Another question was reserved, that is, shall damages be recovered to the date of the writ, or to the rendition of the judgment? It is understood, that different rules have prevailed on this point. I think it most consonant to principle, that damages should be given only to the date of the writ.

I would therefore advise the Superior Court, that judgment be entered up for the plaintiff, with damages to the date of the writ.

HOSMER, CH. J., and Bissell, J., were of the same opinion.

PETERS, J., said he could not give an unqualified concurrence. Upon general principles, he had no doubt, that the Act of Divorce in this case, was repugnant to the Constitution of the United States, as impairing the obligation of a contract; and that it was void, under the Constitution of this State, as an assumption of judicial power by the legislature. But in view of the decisions in analogous cases and of the appalling consequences of nullifying all legislative Acts of Divorce, he should acquiesce in the opinion of the court. On the point of damages he concurred without hesitation.

1 See Pratt v. Allen, 13 Conn. 124, where Williams, J., quotes and sanctions these doctrines; and see Trustees of Bishops' Fund v. Rider, 13 Conn. 87, for the general subject of laws impairing contracts.

WILLIAMS, J., having been retained as counsel for Lewis, on the plaintiff's application for the Act of Divorce, declined giving any opinion as to the validity of that Act. He concurred as to the damages.

Judgment to be given for the plaintiff.

WILKINS v. JEWETT.

SUPREME JUDICIAL COURT OF MASSACHUSETTS. 1885.

[139 Mass. 29.] MORTON, C. J. This is an action to recover one balf the cost of a party wall. In 1873, the plaintiff made an agreement with one Matthews, who was then the owner of the equity of redemption of the defendant's land, that the plaintiff might place one half of the division wall of his house on the defendant's lot; and that Matthews would pay one half of the cost of the wall when he made use of it.

The defendant's title is under the foreclosure of a mortgage existing at the time this agreeinent was made. The mortgagee was not a party to the agreement, and it is not contended that the defendant is bound by it. But the plaintiff contends that the defendant is liable by virtue of the Prov. St. of 1692-93 (5 W. & M.) c. 13, entitled, “ An Act for building with stone or brick in the town of Boston, and preventing fire.” 1 Prov. Laws (State ed.) 42. This statute provided, in § 2, that “ every person building as aforesaid with brick or stone shall have liberty to set half his partition wall in his neighbor's ground, so that he leave toothing in the corners of such walls for his neighbor to adjoin unto, who, when he shall build, such neighbor adjoining shall pay for one half of the said partition wall, so far as it shall be built against. And in case of any difference arising, the selecimen shall have power to appoint meet persons to value the same or lay out the line between such neighbors.”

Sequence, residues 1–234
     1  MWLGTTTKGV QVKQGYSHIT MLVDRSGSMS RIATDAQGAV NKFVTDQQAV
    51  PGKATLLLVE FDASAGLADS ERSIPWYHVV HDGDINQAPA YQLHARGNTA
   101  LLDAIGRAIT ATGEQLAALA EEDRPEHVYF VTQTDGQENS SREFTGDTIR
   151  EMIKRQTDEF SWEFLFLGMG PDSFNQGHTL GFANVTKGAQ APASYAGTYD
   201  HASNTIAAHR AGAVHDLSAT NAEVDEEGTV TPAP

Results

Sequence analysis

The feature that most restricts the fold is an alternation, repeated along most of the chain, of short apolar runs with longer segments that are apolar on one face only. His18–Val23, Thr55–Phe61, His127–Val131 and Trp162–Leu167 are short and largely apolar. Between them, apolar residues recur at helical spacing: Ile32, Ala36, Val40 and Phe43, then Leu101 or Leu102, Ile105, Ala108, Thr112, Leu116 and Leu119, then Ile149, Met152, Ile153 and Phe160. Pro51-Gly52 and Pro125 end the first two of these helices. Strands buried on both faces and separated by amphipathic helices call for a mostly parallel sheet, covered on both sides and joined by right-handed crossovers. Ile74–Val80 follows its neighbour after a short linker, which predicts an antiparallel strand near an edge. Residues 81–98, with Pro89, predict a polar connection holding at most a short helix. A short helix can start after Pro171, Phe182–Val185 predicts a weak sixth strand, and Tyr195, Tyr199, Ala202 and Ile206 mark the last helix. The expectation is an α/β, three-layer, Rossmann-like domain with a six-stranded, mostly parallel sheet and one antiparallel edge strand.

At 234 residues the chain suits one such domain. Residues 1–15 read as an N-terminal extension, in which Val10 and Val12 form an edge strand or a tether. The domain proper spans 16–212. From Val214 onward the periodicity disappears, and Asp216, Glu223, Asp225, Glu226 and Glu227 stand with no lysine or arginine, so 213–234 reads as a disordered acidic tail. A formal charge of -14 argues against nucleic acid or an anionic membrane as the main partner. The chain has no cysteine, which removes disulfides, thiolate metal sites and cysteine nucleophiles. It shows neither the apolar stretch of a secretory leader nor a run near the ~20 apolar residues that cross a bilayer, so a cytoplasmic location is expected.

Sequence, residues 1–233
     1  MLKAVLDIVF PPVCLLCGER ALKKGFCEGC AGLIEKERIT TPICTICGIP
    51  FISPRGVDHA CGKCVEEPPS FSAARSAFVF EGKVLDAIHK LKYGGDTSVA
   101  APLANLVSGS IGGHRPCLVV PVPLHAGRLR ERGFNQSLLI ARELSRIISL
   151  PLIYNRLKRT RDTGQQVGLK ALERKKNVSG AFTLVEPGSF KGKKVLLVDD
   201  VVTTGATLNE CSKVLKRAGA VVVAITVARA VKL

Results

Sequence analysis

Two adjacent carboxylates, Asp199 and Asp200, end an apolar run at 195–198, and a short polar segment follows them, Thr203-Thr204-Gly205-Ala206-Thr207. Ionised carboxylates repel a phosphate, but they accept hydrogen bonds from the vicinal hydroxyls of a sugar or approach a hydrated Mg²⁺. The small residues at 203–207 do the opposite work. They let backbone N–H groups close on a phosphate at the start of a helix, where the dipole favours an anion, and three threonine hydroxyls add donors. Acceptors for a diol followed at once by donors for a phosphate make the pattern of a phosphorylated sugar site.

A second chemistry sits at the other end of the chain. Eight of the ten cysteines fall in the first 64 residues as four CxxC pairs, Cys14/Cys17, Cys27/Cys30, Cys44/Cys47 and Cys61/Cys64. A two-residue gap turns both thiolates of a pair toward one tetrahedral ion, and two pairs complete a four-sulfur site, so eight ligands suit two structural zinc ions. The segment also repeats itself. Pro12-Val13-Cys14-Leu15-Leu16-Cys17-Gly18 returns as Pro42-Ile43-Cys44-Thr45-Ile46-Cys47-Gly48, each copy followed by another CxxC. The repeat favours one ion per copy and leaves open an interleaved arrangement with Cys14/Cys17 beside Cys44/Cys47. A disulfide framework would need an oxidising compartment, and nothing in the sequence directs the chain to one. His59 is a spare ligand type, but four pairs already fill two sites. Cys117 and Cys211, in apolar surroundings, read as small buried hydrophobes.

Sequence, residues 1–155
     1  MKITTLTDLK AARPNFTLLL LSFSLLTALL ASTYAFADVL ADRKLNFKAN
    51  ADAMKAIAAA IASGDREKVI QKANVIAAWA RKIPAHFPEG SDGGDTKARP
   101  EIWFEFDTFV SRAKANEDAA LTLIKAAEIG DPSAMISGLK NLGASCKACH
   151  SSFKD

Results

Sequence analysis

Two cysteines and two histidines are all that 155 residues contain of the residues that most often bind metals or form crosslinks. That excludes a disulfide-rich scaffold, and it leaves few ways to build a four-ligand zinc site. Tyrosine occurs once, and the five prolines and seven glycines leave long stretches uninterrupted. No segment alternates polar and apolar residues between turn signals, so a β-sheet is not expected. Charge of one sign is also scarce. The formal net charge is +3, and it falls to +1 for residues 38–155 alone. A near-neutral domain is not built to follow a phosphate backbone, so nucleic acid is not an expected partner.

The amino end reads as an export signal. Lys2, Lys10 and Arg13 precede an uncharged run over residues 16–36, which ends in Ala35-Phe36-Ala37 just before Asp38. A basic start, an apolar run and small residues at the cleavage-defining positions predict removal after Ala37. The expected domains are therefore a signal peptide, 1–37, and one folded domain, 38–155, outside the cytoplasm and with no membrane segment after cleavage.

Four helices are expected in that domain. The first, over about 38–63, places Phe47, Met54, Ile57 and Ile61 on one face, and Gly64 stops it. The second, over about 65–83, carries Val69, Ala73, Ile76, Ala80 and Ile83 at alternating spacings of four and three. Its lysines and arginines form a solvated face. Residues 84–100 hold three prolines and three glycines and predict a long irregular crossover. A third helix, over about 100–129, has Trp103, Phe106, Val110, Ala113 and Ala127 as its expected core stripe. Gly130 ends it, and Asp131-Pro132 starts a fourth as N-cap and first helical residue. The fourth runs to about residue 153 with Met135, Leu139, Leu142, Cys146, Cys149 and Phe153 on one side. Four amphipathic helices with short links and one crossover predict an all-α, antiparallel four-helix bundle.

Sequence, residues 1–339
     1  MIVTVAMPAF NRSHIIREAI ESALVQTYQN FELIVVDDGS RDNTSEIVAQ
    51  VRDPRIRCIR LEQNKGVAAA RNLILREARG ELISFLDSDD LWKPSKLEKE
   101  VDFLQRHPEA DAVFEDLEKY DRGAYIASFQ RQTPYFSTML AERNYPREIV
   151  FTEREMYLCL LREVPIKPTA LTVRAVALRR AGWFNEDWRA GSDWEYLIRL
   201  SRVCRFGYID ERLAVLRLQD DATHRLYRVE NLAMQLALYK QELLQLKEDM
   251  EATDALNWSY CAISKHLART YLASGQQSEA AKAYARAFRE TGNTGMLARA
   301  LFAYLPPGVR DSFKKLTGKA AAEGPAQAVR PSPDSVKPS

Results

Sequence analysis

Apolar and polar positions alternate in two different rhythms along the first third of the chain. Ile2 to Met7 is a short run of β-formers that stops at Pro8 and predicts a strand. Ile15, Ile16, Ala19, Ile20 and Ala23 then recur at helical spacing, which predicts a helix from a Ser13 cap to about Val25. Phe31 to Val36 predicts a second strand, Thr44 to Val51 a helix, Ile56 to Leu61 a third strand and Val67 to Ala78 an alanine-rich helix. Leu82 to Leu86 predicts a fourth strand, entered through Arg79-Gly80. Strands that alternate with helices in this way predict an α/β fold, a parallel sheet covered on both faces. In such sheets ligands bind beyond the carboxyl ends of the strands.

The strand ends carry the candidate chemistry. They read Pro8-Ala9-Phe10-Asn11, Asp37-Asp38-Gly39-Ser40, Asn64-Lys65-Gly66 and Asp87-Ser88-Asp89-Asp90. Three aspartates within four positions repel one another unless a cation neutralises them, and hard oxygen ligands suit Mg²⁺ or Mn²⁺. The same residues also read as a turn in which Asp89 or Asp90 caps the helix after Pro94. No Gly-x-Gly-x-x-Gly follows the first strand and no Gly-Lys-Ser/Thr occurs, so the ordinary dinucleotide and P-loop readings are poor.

We are of opinion that this provision of the Provincial Statutes was never in force in the Commonwealth of Massachusetts. The Constitution continued in force all laws adopted, used, and approved in the Province, Colony, or State of Massachusetts Bay, and usually practised on in the courts of law, until altered or repealed by the legislature, “ such parts only excepted as are repugnant to the rights and liberties contained in this Constitution.” Const. Mass. c. 6, art. 6.

The provision in question undertakes to deal with private property, and to authorize one man to appropriate and use the property of another without his consent. It assumes to take private property with

1 See 1 Bish. Mar. & Div. (6th ed.) ss. 685, 686 ; Cooley, Const. Lim. (6th ed.) 128133. The topic here considered is covered in several States by express constitutional provisions. — Ed.

out due process of law, and without compensation. It is repugnant to the fundamental principles declared in the Declaration of Rights, that the property of the subject shall not be appropriated, even for public use, without paying him a reasonable compensation therefor, and that he shall not be deprived of his property but by the judgment of his peers, or the law of the land; and that, in all controversies concerning property, he shall have a right to trial by jury. Declaration of Rights, arts. 10. 12, 15. Morse v. Stocker, 1 Allen, 150. Forster v. Forster, 129 Mass. 559.

Undoubtedly, the authority of the legislature, in the exercise of the police power, is very broad. This power is founded upon the principle that any man may be reasonably restrained in the use of his property so as not to injure others. Watertoun v. Mayo, 109 Mass. 315, 318. But it does not justify authorizing one nan to appropriate and use the property of another without his consent and without adequate compensation.